There are blind dates, and then there are paper bag dates.
To test the theory that it's possible to form a love connection with someone without seeing his or her face, a U.K.-based dating app held an unusual speed-dating event last week in which prospective daters wore paper bags over their heads.
With an open heart (you never know where you're going to find love!) I traveled to the New York Hall of Science in Corona, Queens to be a guinea pig for this experiment, joining roughly 60 singles (30 women, 30 men) to experience the phenomenon of "Paper Bag Dating."
Upon arrival, I was handed a medium-sized brown paper bag, complete with cutouts for my mouth and eyes, and directed to a decoration room to make my bag look ready for love. (In the absence of our faces, we had to rely on our bags to convey some aspects of our personalities.)
LoveFlutter, the app behind the date night, declares its motto and guiding philosophy as "Say No To Shallow" and aims to create less "superficial" connections by not allowing users to see each other's photos until they've mutually agreed they like each other's profiles.
For the real-life version of this approach, we each wrote "fun facts" on our bags and decorated them with drawings, ranging from cartoon heroes like Spider-Man and Garfield to abstract cityscapes and pipe cleaner mustaches.
Tables were set up to accommodate two couples each, and the women were instructed to stay put while the men rotated round-robin every two minutes. We were each given a score sheet to remember which people we liked, and which we didn’t. I created a Morse-like code so the guys wouldn’t be able to sneak a peek at how I was rating the dates.
Despite the strangeness of the situation, conversations were generally pleasant, touching on hometowns, jobs, and our fun facts. Most of the men seemed to be there out of genuine curiosity and interest in meeting new people. A couple of guys also brought along a pair of Shih Tzus — which didn't make for very substantive dates, but at least kept things interesting.
But it was pretty disorienting to have a conversation with a talking paper bag, and I found myself staring at my dates' mouths, trying to get some indication of what they looked like.
After 10 or so dates, the guys began to blend together, and it became apparent that I wasn’t going to find a soul mate here. Despite the fact that I had come in with an open mind, the combination of alcohol, trouble breathing inside a paper bag, and not having much in common with any of the male participants soon became disheartening — even without seeing their faces.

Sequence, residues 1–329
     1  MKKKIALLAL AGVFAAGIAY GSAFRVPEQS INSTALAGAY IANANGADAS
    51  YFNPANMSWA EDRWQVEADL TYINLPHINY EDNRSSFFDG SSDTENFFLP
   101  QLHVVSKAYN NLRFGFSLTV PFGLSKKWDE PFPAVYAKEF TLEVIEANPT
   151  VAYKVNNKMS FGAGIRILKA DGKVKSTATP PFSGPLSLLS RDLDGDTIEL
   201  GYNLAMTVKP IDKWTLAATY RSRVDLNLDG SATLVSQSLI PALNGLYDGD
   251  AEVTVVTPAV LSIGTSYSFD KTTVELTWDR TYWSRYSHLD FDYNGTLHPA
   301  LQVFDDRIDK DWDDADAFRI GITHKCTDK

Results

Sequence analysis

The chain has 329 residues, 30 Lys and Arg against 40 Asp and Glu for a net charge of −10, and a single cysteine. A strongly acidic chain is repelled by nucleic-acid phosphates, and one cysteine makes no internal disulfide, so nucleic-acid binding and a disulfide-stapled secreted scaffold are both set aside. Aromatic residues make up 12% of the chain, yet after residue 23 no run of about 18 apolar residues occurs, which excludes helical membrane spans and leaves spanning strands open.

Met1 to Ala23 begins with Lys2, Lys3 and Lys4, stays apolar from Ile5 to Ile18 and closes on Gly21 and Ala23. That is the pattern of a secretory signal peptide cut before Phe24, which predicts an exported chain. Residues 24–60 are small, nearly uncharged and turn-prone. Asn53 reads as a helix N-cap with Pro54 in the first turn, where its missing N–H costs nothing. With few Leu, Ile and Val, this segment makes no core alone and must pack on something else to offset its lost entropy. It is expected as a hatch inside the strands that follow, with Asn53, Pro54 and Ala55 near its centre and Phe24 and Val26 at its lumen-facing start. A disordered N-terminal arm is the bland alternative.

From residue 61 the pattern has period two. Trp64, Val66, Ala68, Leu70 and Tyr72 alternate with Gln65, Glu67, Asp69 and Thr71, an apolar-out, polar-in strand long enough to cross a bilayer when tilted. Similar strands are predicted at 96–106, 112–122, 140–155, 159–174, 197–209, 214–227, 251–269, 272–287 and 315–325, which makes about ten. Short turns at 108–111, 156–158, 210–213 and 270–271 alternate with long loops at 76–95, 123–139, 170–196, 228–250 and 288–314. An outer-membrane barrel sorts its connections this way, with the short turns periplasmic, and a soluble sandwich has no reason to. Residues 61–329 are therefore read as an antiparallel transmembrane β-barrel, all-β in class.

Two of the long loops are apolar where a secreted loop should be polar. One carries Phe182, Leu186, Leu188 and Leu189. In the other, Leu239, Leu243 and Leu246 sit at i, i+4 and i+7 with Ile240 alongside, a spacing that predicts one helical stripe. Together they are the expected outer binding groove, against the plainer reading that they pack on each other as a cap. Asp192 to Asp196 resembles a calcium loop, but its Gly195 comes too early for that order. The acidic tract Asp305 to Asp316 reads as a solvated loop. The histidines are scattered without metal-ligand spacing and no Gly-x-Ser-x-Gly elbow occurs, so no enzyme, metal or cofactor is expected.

I did my best to charm the bags off them, but it became clear that facial cues are important when getting to know someone. It's hard to know if the person across from you appreciates what you're saying if you can't see any response.
Once everyone had met, it was time for the “big reveal,” where everyone simultaneously removed their bags to show their faces. The moment was surprisingly low-impact, and once it was done, we all stared at each other uncomfortably. Then, it was time to mingle. Since no one's personality had sparked my interest during the speed round, and seeing their faces didn't change that, I politely made chit-chat for a few minutes and then bowed out.
While I didn't find my mate, I wanted to know if the paper bag approach was just an attention-grabbing gimmick or if it could actually lead to love. At least one expert thinks the company could be on to something.
“I think it’s kind of a fun way for people to see what they can pick up from other cues, and see how attractive they’d find people if they didn’t have facial cues,” Pepper Schwartz, a University of Washington sociologist not affiliated with LoveFlutter, told me.
“It’s bit of a gag, but it’s also real, in terms of trying to see past knee-jerk reactions, and see if one might make better choices if the usual cues were absent.”